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Let Them Eat Cake: A Novel (French Twist Book 1) by [Sandra Byrd]
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Let Them Eat Cake: A Novel (French Twist Book 1) Kindle Edition

4.4 out of 5 stars 609 ratings
Book 1 of 3: French Twist

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Length: 345 pages Word Wise: Enabled Enhanced Typesetting: Enabled
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Book 1 of 3 in French Twist
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Editorial Reviews


"Let Them Eat Cake is a culinary delight. Sandra Byrd creates a lovely atmosphere in this delightful read with a wonderful surprise ending."
-Rachel Hauck, author of The Wedding Dress

"Let Them Eat Cake is a delicious read! Byrd brings a fresh, insightful approach to women's fiction as she stretches out a welcoming hand to twenty-something readers. Bon Appetit!"
-Robin Jones Gunn, bestselling author of Becoming Us. 

"Sandra Byrd has a crafted a delicious gem for the twenty-something crowd - and their mothers! Seattle's artsy downtown adds flair to the story's overall appeal, as do the gotta-try-'em recipes. Delightful."
-Susan Meissner, bestselling author of Secrets of a Charmed Life 

 "If a good book were as loaded with calories as a French pastry, this one would have added pounds to my hips. Let Them Eat Cake--a sweet, satisfying story of searching for one's place in life and inviting God along on the journey."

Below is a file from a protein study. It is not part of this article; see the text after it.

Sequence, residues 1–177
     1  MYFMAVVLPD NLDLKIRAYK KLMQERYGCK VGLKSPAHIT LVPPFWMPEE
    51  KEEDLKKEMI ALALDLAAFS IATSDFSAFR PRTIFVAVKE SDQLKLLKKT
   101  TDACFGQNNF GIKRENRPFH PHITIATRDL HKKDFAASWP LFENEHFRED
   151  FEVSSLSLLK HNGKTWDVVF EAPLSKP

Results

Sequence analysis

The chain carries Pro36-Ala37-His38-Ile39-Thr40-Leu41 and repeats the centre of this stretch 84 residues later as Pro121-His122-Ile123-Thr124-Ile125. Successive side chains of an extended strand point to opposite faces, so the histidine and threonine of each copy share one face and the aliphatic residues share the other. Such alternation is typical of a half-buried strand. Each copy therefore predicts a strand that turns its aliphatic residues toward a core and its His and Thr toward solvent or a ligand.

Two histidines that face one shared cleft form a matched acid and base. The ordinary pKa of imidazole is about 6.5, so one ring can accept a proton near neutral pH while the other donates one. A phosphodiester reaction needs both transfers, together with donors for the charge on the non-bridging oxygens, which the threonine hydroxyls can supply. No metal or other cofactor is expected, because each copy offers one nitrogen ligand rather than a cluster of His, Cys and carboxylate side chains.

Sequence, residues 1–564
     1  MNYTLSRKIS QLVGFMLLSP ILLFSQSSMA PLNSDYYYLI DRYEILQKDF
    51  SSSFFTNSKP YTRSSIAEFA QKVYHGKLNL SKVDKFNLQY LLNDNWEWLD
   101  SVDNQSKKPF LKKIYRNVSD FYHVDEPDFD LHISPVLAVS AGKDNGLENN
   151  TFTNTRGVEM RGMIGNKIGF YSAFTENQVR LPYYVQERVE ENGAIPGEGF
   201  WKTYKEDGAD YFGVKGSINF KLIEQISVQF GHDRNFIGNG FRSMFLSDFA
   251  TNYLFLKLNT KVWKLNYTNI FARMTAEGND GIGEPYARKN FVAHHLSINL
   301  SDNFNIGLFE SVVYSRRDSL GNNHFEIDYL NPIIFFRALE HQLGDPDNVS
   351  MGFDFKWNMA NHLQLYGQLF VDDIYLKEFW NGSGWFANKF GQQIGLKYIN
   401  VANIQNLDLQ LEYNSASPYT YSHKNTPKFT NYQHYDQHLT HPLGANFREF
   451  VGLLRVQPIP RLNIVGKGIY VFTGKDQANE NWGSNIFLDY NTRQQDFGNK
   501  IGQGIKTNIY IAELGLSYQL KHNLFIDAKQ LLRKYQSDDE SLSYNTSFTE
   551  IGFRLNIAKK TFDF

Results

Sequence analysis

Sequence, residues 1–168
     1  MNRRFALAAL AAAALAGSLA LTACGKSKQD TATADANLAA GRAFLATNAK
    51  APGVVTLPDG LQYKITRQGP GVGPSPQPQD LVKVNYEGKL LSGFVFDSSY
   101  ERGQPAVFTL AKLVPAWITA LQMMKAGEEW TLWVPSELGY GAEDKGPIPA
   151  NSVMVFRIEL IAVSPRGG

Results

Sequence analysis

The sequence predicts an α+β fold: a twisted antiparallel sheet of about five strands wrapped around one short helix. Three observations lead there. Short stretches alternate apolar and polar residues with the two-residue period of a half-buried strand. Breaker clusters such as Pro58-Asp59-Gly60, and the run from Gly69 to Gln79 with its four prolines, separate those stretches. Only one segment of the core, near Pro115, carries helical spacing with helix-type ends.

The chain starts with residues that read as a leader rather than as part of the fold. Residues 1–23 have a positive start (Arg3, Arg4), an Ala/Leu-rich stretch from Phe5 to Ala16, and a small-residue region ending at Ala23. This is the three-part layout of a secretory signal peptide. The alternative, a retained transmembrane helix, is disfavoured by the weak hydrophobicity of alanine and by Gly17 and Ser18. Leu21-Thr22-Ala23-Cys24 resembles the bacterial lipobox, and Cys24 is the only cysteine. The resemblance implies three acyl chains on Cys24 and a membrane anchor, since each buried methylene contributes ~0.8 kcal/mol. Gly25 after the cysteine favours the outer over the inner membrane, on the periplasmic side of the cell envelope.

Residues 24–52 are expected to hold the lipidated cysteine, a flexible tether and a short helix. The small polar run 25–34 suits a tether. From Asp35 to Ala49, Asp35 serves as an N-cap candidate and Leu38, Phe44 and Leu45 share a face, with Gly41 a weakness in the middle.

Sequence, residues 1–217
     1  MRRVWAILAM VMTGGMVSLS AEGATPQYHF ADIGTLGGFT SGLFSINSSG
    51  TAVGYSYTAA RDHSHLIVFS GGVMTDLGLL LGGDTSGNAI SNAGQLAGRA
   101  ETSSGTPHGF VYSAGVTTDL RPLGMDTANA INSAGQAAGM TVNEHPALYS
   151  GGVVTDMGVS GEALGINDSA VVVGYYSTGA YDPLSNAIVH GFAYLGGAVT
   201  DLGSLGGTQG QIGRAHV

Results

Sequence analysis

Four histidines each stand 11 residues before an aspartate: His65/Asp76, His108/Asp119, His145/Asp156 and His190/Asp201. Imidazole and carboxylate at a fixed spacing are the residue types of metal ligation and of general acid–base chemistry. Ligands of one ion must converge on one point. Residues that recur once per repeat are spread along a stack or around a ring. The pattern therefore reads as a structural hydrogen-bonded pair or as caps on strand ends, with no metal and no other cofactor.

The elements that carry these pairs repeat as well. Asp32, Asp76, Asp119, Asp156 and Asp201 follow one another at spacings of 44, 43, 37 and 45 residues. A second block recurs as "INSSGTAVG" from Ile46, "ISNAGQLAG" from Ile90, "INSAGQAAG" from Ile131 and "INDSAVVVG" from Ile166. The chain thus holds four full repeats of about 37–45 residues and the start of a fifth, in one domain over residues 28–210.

-Tamara Leigh, author of Perfecting Kate

"Sandra Byrd's Let Them Eat Cake is a rich, creamy delight. The characters ring true and the plot simmers at just the right pace. Try it! You'll like it!" 
-Lyn Cote, author of Blessed Assurance

"Not every novel fills me up and leaves me hungering for more but Let Them Eat Cake does. Sandra Byrd has created a witty heroine whose search for significance and desire to follow the Lord equals her charming bonhomie.  You won't regret settling down with a plate of French pastries and this delectable adventure!" 
-Angela Hunt, author of Esther: Royal Beauty 

Excerpt. © Reprinted by permission. All rights reserved.

Chapter One

Chaque personne sait où sa chaussure pince.
Each woman knows where her shoe pinches.

Catbert avoided catching my eye–never a good sign. He prowled the aisles all day but didn’t stop to say hello or ask about my plans for the weekend. My cubicle had recently been expanded by three inches to accommodate my new cellmate, Celine, who silently typed nonstop. The woman was a machine. I tried not to compare the stack of nutrition labels she had robotically processed since eight that morning with my own paltry offering.

I pulled up another document and studied it. Hmm, I wonder why they used an emulsifier in this recipe? I closed my eyes and thought about it. And was this soft wheat?